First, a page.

The Future of Swimming Pool Disinfection
Advanced oxidation process is defined as those which involve the generation of hydroxyl radicals in sufficient quantity to affect water purification. As a result of the process, we get the AOP Hydroxyl Radical •OH. We say ‘Advanced’ because the oxidation reactions are significantly faster than they would naturally occur otherwise.
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Obviously, this is not a new thing in water purification with references made as far back as 1897; however, it has taken its time in finding its way into mainstream swimming pool water treatment. Realistically we are only just now on the cusp of having our foot in the door, and with its popularity on the horizon, familiarizing ourselves with the basics of AOP wouldn’t hurt.
Advanced oxidation process
Luckily, with the introduction of advanced oxidation processes (AOPs) in drinking water treatment nearly forty years ago, most of the heavy lifting has been done for us. In fact, these methods have been put to the test against some of the toughest of the tough and have made light work of heavyweights such as cyanobacteria (black algae), cryptosporidium, white water mold (WWM), and giardia.
In one manner or another, the hydroxyl radical is the result of the dissociation of hydrogen peroxide (H2O2). The product is •OH, which is the neutral form of hydroxide (OH-). Although short-lived, the hydroxyl radical decomposes organics and inorganics by breaking apart (cracking) the bonds that hold these molecules together.
The AOP Hydroxyl Radical •OH
I know you already know about the superior oxidizing power of UV and Ozone (O3) in swimming pool water. Think of AOP as a method that boosts the level of oxidation offered by each (see Popeye analogy below). This can be done by simply adding a dose of hydrogen peroxide (H2O2) to the mix or by using a combination of both UV and Ozone which besides generating •OH, will create the peroxide we need. Oddly enough, peroxide on its own is not super effective at all.
There are a few different methods of generating the hydroxyl radical •OH that we can utilize.
- Ozone/Hydrogen Peroxide.
- UV/Hydrogen Peroxide.
- Hydrogen Peroxide/Ozone/UV.
O3+ H2O → O2+ H2O2
2 O3+ H2O2→ 2 •OH + 3 O2
UV has enough energy to begin the decomposition of Ozone (UV photolysis), which, when in water which results in hydroxyl radical formation and the formation of hydrogen peroxide. Moreover, the O3/UV method is by far the best means of generating hydroxyl radicals but struggles to produce large quantities due to the low solubility of O3 in water. However, this method basically fell from grace due to cost in comparison to ‘Peroxone’ or UV/H2O2. But, with recent advances in technology, we may again see the Ozone/UV systems also take their place back on the playing field.
Warning: Use of AOP, or Ozone or UV in a pool treated with Bromine, or Chlorine treated pools with Sodium Bromide added as an algae treatment is not recommended. This method will result in the production of the carcinogen BROMATE (BrO3–): Read More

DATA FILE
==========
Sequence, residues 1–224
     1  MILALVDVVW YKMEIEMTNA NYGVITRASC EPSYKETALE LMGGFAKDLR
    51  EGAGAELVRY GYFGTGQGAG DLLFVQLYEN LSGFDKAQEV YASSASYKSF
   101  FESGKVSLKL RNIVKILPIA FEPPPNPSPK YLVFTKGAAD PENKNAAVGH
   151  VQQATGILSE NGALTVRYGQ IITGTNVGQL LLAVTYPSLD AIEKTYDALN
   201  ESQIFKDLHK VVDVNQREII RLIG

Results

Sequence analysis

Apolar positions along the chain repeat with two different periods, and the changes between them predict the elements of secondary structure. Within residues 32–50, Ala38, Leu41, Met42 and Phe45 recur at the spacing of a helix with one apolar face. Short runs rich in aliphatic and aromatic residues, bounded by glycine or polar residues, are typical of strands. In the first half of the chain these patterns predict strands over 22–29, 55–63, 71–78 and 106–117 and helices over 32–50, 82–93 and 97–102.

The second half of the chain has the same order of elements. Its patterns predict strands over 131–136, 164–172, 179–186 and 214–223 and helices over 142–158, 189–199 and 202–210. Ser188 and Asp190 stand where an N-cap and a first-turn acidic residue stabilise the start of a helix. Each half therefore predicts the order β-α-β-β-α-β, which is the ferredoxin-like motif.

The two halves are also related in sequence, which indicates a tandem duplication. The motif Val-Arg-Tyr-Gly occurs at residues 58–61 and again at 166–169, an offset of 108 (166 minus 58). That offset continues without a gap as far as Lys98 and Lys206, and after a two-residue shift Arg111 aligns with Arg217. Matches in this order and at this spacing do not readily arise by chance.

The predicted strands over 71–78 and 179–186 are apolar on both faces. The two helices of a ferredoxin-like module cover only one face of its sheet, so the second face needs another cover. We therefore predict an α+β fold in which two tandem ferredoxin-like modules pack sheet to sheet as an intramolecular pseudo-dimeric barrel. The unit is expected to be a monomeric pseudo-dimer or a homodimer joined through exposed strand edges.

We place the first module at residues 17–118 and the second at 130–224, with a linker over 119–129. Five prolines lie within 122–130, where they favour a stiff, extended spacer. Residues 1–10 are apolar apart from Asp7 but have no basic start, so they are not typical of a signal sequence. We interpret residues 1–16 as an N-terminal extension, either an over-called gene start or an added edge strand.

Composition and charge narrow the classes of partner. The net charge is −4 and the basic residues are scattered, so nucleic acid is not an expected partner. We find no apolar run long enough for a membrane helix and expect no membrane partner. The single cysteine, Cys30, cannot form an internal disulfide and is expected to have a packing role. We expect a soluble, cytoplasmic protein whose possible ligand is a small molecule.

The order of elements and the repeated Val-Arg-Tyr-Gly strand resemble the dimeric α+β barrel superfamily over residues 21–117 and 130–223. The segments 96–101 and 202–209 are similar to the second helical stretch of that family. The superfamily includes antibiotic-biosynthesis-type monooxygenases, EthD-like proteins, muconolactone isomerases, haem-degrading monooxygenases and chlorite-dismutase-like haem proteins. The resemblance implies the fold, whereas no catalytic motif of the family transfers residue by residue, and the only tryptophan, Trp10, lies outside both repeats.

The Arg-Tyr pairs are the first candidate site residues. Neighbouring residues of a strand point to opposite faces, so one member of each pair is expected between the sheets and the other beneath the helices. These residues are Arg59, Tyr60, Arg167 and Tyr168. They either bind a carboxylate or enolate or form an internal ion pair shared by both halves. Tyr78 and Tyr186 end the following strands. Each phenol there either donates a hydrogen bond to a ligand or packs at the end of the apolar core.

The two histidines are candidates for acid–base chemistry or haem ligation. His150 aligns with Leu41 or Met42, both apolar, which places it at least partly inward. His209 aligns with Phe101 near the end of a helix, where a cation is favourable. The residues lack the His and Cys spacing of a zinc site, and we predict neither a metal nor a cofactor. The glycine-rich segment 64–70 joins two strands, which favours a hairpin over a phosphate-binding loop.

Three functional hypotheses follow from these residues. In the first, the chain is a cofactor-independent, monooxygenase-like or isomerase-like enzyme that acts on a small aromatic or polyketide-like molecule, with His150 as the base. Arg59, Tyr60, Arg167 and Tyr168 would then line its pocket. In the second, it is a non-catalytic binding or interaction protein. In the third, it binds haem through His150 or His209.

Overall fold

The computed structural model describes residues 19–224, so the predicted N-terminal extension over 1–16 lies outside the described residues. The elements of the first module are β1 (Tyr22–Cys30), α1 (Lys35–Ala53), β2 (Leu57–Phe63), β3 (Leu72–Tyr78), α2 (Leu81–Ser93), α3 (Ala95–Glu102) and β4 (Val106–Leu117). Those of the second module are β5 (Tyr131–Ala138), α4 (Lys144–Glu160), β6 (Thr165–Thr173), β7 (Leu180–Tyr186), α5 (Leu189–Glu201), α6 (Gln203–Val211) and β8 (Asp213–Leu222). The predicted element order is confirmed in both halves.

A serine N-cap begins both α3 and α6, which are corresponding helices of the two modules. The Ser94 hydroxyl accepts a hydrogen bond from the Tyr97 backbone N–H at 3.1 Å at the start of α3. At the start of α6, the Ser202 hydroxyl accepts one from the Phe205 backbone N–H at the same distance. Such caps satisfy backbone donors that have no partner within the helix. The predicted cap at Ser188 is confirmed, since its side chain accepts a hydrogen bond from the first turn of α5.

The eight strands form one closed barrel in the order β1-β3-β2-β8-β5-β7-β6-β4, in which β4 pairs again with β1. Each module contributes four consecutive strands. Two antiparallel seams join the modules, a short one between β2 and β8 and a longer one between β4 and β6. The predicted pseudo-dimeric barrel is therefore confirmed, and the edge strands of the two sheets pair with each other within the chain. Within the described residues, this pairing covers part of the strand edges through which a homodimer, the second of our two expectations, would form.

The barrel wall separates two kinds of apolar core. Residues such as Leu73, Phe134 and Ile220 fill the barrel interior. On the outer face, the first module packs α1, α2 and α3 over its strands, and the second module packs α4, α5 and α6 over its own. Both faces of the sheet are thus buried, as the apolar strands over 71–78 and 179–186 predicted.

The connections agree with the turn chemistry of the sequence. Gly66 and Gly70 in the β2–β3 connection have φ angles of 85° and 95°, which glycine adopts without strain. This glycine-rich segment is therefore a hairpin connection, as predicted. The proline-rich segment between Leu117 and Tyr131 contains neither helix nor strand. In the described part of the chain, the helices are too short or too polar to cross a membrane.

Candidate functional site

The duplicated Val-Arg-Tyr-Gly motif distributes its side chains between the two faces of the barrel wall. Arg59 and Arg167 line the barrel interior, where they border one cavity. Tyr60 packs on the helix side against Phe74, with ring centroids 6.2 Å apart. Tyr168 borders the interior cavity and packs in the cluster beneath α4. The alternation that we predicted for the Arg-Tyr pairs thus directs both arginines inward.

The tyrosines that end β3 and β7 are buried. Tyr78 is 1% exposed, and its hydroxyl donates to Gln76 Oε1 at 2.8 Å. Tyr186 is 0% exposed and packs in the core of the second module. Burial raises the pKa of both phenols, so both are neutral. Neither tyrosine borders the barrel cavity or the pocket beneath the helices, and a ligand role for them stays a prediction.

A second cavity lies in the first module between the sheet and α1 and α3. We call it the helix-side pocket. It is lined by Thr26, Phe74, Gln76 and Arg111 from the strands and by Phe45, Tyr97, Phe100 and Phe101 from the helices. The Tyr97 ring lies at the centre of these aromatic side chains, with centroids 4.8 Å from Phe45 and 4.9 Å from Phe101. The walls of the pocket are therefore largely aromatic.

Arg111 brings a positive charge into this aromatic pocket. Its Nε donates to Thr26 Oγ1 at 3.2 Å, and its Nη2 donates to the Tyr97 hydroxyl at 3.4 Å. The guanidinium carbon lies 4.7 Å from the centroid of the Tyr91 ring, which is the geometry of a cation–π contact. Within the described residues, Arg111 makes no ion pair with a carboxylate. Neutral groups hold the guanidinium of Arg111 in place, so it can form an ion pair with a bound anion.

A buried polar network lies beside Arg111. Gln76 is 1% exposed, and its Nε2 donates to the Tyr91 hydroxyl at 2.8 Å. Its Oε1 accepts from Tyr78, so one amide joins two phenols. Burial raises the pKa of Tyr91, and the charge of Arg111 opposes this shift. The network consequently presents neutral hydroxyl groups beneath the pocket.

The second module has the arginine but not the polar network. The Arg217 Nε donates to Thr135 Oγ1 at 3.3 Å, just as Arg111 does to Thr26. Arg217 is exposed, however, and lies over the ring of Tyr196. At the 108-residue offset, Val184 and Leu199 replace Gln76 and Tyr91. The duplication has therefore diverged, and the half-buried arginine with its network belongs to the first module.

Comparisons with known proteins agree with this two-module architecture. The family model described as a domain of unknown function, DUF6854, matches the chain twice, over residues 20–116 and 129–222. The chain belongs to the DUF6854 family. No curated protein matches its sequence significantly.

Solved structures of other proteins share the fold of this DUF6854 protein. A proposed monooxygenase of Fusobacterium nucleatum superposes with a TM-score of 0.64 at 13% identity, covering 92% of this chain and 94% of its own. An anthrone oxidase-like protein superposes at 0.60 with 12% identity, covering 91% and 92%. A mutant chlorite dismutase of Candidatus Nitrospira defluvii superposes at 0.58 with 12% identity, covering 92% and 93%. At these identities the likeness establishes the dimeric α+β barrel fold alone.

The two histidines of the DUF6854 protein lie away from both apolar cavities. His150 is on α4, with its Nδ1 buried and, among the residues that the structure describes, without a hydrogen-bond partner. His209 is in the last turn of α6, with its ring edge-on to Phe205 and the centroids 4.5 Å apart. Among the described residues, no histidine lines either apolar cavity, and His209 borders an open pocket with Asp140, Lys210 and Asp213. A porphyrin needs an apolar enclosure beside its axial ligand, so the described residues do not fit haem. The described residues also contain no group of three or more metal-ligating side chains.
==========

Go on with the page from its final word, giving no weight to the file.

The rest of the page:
H2O2 + H2O → HO2– + H3O+
O3 + HO2– → •OH + 3O2
This is the iron horse of hydroxyl radical (•OH) generation in advanced oxidation. Sometimes called ‘Peroxone,’ the H2O2 injection/O3 method is the most popular and most widely accepted by regulatory agencies. Extensive field testing has provided a proven track record. Consequently, the peroxide/ozone method is much more cost-effective in hydroxyl radical (•OH) generation than the less popular O3/UV systems.
H2O2→ 2 •OH
UV light dissociation of H2O2 is probably the most used method of hydroxyl radical generation at the moment. This is due primarily to UV (ultraviolet light) growing popularity in remediation fecal-related waterborne protozoa such as cryptosporidium and giardia. A huge benefit is the ability of the H2O2/UV process to generate large amounts of hydroxyl radicals. On the other hand, this requires a heck of a lot more hydrogen peroxide than the ‘peroxone’ process described above.
OH + H2O2 → •O2– + H2O + H+
•O2– + O3 → •O3- + O2
•O3– + H+ → HO3
HO3• → •OH + O2
We already know Ozone/UV systems that the UV photolysis of ozone leads to the formation of H2O2 and •OH. By adding additional peroxide, we can augment our hydroxyl radical generation. However, the process is cost-prohibitive in comparison to both H2O2/ozone and H2O2/UV.
The Popeye Analogy
This is about the easiest way we can explain this to a customer. We all know that Popeye the Sailor was a total badass, right? And, we know his strength really intensified after eating spinach. On the other hand, spinach isn’t all that powerful on its own. So, if Popeye is Ozone (or UV) and Spinach is Hydrogen Peroxide, then Popeye + Spinach = hydroxyl radical •OH
Do you agree that AOP will be the swimming pool water treatment of the future?
2 thoughts on “The AOP Hydroxyl Radical •OH”
Is it administered as a constant source or added periodically like a shock?
Hey Jules! Great question. •OH is extremely short-lived, so when we factor in the Gage and Bidwell Law of Dilution, showing that we’ll require better than four turnovers before >98% of the pool water is treated, this really puts us in a position where continuous operation is needed. When talking about the addition of H2O2 in the process (outside of UV/O3), this is often not metered efficiently and results in much wasted due to self-decomposition.
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